Installing a Water Softener in Your Home – The Good and Bad Sides

A water softener system, as the name implies, can help to make your hard water softer. Hard water contains a high concentration of dissolved minerals. Examples of these include calcium, manganese and magnesium carbonate. A softening system looks closely at your source water and then from there determines which minerals must be taken from the water in order to make it more beneficial to you.

Hard water is tough on your plumbing, bathroom, kitchen fixtures, and your laundry. It leaves stains on your freshly washed clothing, bedding and towels and it can give your water a strange smell and/or give it an odd taste. If you notice stains of a reddish-brown color in your bathroom and kitchen sinks and in your shower then your home is supplied by hard water. The same can be said if you notice deposits or stains on your taps.

Not all water softeners are exactly the same. What some do is they directly remove the minerals from the water. Others replace what is known as the ionic hardness with salt ions. You can purchase a Reverse Osmosis (RO) and water distillation system that will effectively take away the hardness of the water while at the same time disinfecting the water. The only downside to the RO systems is that they tend to be on the expensive side. For those on strict budgets these water softeners can be out of your price range.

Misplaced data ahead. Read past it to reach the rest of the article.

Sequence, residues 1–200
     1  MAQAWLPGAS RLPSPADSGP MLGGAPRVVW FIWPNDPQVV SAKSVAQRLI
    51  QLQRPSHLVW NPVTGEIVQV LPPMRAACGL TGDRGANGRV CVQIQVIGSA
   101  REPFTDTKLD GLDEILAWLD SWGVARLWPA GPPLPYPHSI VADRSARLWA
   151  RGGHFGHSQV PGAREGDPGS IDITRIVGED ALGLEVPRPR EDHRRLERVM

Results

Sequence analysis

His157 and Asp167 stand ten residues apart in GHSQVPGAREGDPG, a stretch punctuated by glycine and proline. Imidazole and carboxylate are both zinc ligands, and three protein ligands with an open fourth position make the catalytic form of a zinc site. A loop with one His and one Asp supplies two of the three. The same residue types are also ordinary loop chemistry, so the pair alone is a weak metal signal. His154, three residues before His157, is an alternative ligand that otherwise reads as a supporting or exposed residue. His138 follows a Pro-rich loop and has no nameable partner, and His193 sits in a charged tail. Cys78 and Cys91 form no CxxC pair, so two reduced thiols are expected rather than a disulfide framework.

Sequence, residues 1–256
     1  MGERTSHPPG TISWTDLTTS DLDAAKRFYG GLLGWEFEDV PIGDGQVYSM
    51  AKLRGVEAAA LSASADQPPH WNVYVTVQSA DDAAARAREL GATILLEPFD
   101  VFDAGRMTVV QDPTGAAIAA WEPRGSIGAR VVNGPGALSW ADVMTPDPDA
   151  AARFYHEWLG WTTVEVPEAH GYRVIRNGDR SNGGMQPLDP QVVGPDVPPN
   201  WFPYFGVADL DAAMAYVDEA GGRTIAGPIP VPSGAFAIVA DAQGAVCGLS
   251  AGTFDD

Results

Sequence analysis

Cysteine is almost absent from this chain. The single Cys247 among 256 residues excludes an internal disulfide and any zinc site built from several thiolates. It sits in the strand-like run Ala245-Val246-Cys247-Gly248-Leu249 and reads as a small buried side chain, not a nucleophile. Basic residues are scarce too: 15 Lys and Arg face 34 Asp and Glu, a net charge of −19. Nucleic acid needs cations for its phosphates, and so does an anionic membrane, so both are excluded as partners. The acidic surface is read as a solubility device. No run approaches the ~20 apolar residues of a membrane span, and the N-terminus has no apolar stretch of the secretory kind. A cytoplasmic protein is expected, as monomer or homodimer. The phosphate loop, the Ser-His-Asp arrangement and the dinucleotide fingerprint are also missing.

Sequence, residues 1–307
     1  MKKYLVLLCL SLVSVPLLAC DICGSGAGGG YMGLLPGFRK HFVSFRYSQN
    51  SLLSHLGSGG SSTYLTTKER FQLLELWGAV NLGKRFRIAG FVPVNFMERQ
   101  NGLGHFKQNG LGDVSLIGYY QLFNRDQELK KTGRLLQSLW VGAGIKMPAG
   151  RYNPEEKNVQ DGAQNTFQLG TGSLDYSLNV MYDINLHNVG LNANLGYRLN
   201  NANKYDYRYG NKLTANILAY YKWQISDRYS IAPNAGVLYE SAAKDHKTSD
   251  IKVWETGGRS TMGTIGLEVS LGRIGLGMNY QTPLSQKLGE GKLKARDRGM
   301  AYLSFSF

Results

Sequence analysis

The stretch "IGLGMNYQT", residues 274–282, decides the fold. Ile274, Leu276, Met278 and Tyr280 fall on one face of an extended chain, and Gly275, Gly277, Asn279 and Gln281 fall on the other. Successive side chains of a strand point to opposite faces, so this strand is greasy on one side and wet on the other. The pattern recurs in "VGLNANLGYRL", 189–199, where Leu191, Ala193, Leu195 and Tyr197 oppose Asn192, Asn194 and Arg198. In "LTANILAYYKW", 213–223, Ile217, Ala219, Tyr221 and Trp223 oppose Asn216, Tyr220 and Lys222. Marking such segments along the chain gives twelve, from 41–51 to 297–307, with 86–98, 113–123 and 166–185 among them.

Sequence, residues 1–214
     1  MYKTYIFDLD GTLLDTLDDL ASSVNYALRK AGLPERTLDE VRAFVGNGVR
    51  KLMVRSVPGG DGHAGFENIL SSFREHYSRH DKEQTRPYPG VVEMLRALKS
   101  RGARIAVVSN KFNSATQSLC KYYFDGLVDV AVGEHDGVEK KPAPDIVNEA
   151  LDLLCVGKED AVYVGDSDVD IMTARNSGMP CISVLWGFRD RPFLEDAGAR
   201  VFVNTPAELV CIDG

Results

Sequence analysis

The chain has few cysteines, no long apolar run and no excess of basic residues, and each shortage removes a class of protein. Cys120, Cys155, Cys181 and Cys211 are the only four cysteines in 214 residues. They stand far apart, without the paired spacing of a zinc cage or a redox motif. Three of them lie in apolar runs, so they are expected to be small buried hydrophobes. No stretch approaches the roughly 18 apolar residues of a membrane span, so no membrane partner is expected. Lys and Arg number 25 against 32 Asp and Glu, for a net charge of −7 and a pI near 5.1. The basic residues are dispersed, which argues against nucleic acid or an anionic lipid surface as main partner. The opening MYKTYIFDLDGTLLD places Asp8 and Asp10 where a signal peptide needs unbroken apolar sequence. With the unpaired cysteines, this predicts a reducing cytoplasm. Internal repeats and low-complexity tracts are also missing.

Be aware before you purchase a water softener that its only focus is softening the hardness in water. If hardness is the only problem you have with your water then a softening unit can provide an excellent treatment that is cost effective. However there are limits to what it can do. If your water has a number of complexities and issues then you may need more than a system that softens it.

A water softener unit that has been cleverly crafted gets rid of the minerals that cause staining on your clothing and clogs in your plumbing. The cheapest of these units are magnetic in nature. What this means is that they eliminate the dissolved metals that are found in the water by making the water pass across a magnet. Once these metals have been removed then the source water that is left behind is easier to work with and is more acceptable for your everyday household needs.

Units that are more expensive replace the mineral calcium and other minerals with salt ions. What this leaves behind is softer water with a lesser degree of hardness to it. The colloidal salts are then able to freely pass through the water but do not wreak havoc in their travels.

Water softening systems soften water and nothing else, as previously mentioned. If you require disinfection of your water then you will need to take other measures. The same can be said if organic sources are to blame for a smell or a taste to the water. There are instances where a softening system can be damaged if it is exposed to small amounts of oil that has found its way into the water.

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